It’s time to think about the fall lawn – seeding and fertilizing. Now is when the days get shorter and the temperatures get cooler. It may seem strange, but fall is actually the best time to make improvements to your lawn. If you seed and feed the lawn in fall, you will establish the foundation for a thicker and healthier lawn in the spring.
As turfgrass matures, the rate at which it spreads to create a thick, dense lawn slows. It is important to keep a consistent overseeding routine to prevent bare spots or a thinning lawn. New grass seedlings fill in the gaps and spread quickly to reduce weeds. Introducing new seed varieties each year, will also help the lawn fight off any future attacks by disease, insects or drought.
Prepare The Area
- Remove lawn debris. (Sticks, leaves, stones, etc.)
- Prepare the soil for seeding to maximize germination. Considering dethatching the lawn with a simple yard rake, a tow-behind attachment on your rider lawnmower or a standalone unit known as a power rake, obtained from an equipment rental store.
- If your soil is compacted, consider aerating it. Otherwise, it will be difficult for seedlings to take root and absorb nutrients. Like the power rake, you can rent an aerator at your local equipment store or contact a lawn care professional to provide this stand-alone service. (See our article on Preparing the Lawn for Aeration).
You can apply seed by hand, or with a handheld spreader, a push spreader, a tow-behind spreader or a power seeder (also known as a slit seeder). Spreading seed by hand or using a handheld spreader is great for tight spaces and around landscaping. Large areas are best covered with a broadcast push spreader, which will cover the most ground in a single pass. Power seeders can be rented from home improvement centers as needed.
Seed Types & Application Rates
- Determine the seed blend that works for you by assessing how much sunlight your lawn gets. Is it in sun, shade or a combination?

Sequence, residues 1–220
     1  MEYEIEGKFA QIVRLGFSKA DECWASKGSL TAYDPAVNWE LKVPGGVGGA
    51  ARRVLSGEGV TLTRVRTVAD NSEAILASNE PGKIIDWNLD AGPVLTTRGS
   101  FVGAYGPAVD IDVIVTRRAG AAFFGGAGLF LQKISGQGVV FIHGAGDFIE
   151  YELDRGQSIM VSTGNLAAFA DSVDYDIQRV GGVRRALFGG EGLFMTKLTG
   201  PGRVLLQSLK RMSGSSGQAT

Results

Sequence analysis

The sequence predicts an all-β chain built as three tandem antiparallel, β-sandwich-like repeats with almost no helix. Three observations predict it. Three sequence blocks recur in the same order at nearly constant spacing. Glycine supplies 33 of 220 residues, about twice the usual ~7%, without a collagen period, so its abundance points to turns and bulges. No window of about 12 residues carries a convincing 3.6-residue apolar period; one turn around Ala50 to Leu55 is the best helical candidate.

- Is your lawn used heavily by children and pets, or is it more of an aesthetic lawn?
- Does the area you live in experience frequent droughts?
- How many square feet of lawn will you be overseeding?
- How many pounds of grass seed per 1,000 square feet do the instructions on the bag recommend? Multiply the square feet of lawn space by the number of pounds per 1,000 square feet to determine how many pounds of grass seed you will need.
Unsure of which grass seed to use or how much you need? No problem. Call us at 888-546-5941, and one of our customer care specialists will help you.
Once you apply the seed, it needs food and water to grow. For fall seeding, a “starter” fertilizer like Recuperator 7-10-4 with higher concentrations of nitrogen, phosphorus and potassium is recommended. While starter fertilizers contain higher levels of nutrients they are water soluble and formulated so they do not burn the young grass seed plants.
Water frequently and lightly in order to keep the seeds and soil moist, but not soaked. After about two weeks, or when the new seedlings have grown about two inches, you may mow the grass. Be sure to use a sharp blade to prevent pulling seedlings out.